Budget Cuts Hit Library Hard
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My son has held a minimum wage job at the library for many years, but now has had his 20 hours cut to 15 per week. Given his income, the dollar amount is not much in the overall scheme of things, but it is still a blow, given that it is the only job that has worked out for him after various attempts at competitive employment.
I think I will encourage him to volunteer for a few hours, as that is how he got the job in the first place.
Also I bought T.C. Boyle's new book , "Wild Child," online because I really wanted to read it and it was not available in the library. So after I read it, I donated it to the library, to spare readers having to get interlibrary loans from other towns. I was pleased to see it today in the "New Books" stack.
I went to the library to print out obituaries for my Aunt Charlotte (my printer not having made it through the transition to the improved PC) and I found there is no longer a cover sheet for printouts. Nor is the monitor that shows Plainfield photos and postcards hooked up. One can see that the library is taking every step to save money.
However, when times are hard, the library traditionally becomes more valuable as a resource for job information, acquiring new skills, getting cheap or free entertainment and reading books one can't afford to buy.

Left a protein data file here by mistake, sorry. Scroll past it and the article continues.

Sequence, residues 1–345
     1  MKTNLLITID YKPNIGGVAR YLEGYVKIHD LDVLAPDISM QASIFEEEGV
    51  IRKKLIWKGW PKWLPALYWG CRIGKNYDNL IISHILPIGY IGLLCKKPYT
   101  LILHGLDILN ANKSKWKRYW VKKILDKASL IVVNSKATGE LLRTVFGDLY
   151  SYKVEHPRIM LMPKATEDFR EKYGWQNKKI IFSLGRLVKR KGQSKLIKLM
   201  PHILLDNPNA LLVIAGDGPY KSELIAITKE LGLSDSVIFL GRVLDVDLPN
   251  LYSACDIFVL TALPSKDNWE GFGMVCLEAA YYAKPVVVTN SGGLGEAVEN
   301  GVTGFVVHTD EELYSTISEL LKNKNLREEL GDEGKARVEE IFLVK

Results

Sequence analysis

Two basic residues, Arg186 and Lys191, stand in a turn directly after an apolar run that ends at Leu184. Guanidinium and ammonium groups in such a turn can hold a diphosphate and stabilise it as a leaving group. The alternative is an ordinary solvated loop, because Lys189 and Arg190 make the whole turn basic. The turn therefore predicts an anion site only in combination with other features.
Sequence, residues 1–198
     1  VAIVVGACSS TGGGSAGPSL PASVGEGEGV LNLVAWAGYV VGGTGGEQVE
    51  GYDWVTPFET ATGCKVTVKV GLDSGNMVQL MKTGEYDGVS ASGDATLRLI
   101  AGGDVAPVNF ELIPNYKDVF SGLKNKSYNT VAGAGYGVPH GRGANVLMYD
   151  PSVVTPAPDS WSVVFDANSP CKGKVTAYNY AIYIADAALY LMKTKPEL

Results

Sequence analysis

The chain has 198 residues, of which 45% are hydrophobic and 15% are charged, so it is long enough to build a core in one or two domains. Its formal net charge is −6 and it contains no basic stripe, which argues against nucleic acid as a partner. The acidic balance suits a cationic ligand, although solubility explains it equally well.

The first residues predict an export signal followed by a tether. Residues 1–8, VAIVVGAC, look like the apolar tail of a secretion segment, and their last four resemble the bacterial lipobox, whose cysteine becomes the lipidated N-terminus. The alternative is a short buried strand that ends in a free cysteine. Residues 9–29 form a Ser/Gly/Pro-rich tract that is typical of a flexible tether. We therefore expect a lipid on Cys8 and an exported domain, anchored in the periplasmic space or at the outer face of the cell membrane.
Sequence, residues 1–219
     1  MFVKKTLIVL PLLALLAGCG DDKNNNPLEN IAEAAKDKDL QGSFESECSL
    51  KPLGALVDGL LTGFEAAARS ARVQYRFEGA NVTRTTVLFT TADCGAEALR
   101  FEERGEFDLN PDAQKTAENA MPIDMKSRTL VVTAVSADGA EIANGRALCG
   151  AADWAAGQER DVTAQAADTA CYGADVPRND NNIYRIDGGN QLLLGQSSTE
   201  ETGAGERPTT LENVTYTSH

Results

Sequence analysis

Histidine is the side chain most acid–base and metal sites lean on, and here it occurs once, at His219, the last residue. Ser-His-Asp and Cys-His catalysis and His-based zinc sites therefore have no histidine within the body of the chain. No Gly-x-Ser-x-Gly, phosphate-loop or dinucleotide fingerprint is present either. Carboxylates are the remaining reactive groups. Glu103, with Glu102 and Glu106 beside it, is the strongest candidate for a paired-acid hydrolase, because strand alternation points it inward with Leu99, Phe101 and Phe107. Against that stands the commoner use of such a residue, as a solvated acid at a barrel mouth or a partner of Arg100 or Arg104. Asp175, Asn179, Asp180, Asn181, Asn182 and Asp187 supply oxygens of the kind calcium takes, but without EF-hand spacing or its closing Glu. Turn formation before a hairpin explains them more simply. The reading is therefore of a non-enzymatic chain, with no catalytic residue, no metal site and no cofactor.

Interestingly, Aunt Charlotte , the last member of my parents' generation, asked that donations in her memory be made to a library she valued in Statesboro, Ga. My son and I will do so, but we will also be thinking of our own library, in need at this time.
Good libraries have been a motif of our family history.
When we moved to Passaic Township (now Long Hill Township) many years ago, we found a library consisting largely of Reader's Digest Condensed Books and such. We immediately took out a library card with the Morris County Library and schlepped books back and forth, mainly for our daughter Audrey, for several years. Being a fast reader, Audrey often plowed through the books on the way home, but that was all right.
The point is, a good library is invaluable to a community. If you get a chance, read the PPL annual report online and consider all the groups this library serves. In the next budget go-round, the library must receive its due respect for what it provides - at least that's my opinion.